In the last half-century, the United States has endured three major drug epidemics. The first began in the 1970s, around the end of the Vietnam War when veterans returned home addicted to heroin. The death rate due to overdoses at that time was about 1 per 100,000 people. America’s second drug epidemic happened in the 1980 and 1990s with crack cocaine. The overdose death rate doubled to almost 2 per 100,000.

As terrible as they were, the devastation wreaked by those two epidemics pales in comparison with today’s opioid crisis. Fatal overdoses attributed to opioids alone now claim about 47,000 American lives a year — a rate of 14 per 100,000.

Meanwhile, alcohol use is linked to about 88,000 deaths in the U.S. each year — the death rate from alcohol stands at a towering 27 per 100,000.

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Addiction, in other words, is a cunning and deadly disease, and it’s killing more of us than ever before.

While there has been an unprecedented level of hand-wringing and lip service paid to better address the opioid problem, our children, parents, friends, and neighbors continue to perish. One newly instituted solution — having emergency responders “start addiction treatment” at the scene of an overdose — is an example of a Hail Mary solution.

The state of New Jersey has enabled paramedics to offer buprenorphine (Suboxone) to patients after they reverse a near-fatal overdose. In a prepared statement, Dr. Shereef Elnahal, New Jersey’s health commissioner, said that buprenorphine “is a critical medication that doesn’t just bring folks into recovery — it can also dampen the devastating effects of opioid withdrawal.”

Dr. Dan Ciccarone, who studies heroin use and the opioid epidemic, told STAT that the New Jersey effort is “a potentially brilliant idea.”

As someone who has been in the addiction treatment, recovery, and research space for nearly 30 years, I believe that providing buprenorphine at the scene of an overdose is less a “brilliant idea” than a desperate measure. It is an admission that our addiction treatment industry is under-resourced, ineffective and, in its current state, incapable of addressing the opioid epidemic or any other addiction crisis.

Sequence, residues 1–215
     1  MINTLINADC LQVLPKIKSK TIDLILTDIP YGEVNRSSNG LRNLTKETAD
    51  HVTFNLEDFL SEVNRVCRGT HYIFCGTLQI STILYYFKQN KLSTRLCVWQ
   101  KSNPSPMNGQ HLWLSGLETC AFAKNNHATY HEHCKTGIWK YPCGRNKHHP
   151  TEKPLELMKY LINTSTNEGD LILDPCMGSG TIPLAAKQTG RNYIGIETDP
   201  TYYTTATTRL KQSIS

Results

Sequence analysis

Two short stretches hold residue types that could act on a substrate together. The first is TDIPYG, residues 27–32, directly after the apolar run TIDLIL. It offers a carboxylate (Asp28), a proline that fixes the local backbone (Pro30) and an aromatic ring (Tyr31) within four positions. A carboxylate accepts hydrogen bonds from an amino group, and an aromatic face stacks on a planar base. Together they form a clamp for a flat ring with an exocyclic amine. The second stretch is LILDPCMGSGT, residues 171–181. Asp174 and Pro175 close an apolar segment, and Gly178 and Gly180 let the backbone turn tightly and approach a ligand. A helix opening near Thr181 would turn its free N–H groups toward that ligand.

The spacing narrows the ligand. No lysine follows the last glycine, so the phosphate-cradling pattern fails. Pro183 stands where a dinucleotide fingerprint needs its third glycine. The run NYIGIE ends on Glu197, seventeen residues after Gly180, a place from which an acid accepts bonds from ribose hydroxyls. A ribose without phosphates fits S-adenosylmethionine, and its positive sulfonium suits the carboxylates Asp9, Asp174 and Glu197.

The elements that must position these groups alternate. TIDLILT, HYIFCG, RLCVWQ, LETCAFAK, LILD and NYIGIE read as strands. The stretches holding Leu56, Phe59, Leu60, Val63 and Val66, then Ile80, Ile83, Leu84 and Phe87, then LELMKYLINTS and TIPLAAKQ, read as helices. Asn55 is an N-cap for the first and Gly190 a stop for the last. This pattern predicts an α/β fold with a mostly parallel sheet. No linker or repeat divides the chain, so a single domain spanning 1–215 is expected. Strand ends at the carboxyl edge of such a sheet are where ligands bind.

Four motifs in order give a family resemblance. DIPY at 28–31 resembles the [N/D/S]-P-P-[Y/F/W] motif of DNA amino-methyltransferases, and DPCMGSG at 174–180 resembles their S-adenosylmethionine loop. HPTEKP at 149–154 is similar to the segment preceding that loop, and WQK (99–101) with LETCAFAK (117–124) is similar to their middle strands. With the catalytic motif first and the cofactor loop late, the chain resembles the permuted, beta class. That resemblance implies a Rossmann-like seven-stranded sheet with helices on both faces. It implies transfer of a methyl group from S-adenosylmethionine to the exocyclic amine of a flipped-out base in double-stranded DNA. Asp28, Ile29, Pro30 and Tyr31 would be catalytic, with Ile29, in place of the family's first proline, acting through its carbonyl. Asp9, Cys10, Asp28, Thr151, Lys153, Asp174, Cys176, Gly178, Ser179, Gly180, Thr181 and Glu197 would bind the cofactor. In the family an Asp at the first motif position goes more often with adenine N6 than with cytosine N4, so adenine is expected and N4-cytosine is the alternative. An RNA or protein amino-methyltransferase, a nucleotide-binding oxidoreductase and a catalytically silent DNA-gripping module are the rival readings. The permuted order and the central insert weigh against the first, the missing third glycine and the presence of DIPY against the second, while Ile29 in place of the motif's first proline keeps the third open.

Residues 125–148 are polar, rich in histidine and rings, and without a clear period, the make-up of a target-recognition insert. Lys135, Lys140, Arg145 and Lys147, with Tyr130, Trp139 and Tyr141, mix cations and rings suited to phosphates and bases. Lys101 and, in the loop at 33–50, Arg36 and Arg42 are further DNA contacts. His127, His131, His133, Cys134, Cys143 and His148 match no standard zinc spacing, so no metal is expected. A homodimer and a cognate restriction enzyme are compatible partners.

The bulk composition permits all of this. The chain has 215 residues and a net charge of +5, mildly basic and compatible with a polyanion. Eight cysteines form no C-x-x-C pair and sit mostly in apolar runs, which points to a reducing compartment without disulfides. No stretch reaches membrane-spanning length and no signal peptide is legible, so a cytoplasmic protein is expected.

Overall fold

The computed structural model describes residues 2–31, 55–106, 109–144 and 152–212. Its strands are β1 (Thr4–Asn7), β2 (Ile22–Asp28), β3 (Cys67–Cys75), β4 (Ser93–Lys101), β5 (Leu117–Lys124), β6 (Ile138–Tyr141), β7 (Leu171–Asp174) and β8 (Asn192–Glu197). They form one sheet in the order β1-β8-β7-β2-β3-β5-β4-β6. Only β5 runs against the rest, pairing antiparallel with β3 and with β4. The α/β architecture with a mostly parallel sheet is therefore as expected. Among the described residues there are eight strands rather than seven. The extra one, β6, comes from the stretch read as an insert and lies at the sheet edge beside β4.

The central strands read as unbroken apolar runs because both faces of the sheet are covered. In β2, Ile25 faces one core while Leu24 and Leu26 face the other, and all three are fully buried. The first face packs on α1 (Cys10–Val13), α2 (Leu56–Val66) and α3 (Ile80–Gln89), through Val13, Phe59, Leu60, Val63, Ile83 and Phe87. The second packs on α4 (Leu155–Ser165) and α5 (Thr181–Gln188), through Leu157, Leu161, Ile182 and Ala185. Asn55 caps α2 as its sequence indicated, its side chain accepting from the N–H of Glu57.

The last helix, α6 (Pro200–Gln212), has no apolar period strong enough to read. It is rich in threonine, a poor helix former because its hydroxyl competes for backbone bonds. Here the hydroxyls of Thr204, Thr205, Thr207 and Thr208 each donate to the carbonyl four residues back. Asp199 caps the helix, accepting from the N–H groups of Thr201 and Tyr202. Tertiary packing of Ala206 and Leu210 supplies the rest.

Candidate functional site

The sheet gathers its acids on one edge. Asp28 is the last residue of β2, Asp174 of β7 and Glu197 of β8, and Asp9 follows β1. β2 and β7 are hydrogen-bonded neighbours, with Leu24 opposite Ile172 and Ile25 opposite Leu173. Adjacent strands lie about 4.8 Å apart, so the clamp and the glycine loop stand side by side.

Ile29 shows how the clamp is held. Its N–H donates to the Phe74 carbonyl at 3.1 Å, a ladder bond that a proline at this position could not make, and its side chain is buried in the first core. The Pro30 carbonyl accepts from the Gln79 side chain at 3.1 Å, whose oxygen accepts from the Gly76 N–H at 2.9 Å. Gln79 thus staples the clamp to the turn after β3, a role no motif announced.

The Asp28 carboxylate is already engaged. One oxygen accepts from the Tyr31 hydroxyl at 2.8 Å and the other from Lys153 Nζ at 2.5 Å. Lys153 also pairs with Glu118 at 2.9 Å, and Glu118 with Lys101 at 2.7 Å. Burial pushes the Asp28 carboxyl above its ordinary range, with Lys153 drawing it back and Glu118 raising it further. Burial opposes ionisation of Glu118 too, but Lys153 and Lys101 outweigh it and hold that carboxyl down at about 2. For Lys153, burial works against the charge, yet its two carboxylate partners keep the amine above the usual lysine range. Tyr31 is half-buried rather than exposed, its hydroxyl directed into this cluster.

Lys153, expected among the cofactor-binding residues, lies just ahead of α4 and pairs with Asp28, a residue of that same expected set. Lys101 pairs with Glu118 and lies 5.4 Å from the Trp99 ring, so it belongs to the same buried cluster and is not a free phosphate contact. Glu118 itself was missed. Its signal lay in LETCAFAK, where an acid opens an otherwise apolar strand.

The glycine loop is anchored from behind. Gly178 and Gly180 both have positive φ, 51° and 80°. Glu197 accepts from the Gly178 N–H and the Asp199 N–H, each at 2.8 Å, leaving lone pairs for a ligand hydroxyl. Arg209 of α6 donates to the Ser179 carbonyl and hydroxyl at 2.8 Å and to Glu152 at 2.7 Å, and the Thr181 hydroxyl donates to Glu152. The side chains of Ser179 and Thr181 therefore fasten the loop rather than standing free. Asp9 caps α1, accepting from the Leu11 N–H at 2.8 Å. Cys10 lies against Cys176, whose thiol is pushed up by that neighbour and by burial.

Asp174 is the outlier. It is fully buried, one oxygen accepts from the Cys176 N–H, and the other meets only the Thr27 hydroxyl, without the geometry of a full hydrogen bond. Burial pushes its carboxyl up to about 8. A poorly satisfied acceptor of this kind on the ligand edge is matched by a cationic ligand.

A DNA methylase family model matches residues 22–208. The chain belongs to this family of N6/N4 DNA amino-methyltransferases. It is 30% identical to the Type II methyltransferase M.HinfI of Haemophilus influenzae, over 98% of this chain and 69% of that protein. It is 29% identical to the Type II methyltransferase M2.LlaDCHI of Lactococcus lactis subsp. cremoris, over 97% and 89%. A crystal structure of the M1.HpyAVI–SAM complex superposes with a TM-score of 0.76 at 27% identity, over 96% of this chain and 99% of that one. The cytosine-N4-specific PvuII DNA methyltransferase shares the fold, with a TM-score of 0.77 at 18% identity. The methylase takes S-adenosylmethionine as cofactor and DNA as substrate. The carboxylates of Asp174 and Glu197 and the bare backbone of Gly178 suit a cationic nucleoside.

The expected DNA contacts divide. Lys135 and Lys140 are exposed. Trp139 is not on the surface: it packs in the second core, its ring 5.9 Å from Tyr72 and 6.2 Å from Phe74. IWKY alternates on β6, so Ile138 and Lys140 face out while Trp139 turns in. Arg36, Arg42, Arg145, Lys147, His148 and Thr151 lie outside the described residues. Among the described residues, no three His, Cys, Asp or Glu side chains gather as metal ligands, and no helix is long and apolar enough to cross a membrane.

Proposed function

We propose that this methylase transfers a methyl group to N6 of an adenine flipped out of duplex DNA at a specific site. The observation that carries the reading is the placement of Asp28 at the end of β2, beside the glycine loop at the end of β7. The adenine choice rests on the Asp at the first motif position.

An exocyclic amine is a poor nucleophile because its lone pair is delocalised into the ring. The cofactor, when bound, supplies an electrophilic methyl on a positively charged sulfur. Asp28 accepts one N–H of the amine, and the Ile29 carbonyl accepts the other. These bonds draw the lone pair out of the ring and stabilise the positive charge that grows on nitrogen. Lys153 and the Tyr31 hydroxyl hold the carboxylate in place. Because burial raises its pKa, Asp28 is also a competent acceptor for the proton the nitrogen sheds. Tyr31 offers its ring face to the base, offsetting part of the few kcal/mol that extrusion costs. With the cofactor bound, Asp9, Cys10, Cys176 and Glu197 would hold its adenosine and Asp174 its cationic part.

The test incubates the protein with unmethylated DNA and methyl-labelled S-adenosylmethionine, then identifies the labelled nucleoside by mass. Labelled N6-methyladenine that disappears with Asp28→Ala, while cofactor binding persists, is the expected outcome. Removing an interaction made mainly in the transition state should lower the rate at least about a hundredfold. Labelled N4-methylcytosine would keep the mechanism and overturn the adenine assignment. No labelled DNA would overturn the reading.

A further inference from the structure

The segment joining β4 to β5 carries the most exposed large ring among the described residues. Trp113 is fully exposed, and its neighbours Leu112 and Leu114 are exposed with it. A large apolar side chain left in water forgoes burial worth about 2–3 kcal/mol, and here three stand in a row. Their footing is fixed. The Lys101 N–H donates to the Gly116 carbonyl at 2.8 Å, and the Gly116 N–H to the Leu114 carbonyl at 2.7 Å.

Having first responders provide buprenorphine after an overdose rescue is well-intentioned but woefully insufficient. It’s tantamount to having emergency responders provide Prozac to a person they just pulled from the ledge of a 20-story building and then leaving him in the building.

Every state has laws that allow for emergency holds — admission to a hospital or psychiatric facility to assess one’s mental state — when individuals are a danger to themselves or others. There would be cause for professional negligence if an emergency responder or police officer rescued an individual from a game of Russian roulette, provided him or her with a dose of a psychiatric medication, and left the scene after wishing the individual well.

Someone rescued from a potentially fatal opioid overdose needs that same professional reaction: an emergency hold. We as a society have agreed and passed laws requiring serious actions to be taken when individuals act in ways that put their own lives at risk. Treatment being unavailable or unaffordable cannot be the reason to skirt this responsibility.

The answer has less to do with enabling emergency responders to distribute a drug that can be easily diverted or misused, and more to do with acting on overdoses as we act when individuals unsuccessfully try to take their own lives. Addiction is a complex, chronic, recurring — and often fatal — disease, similar to depression.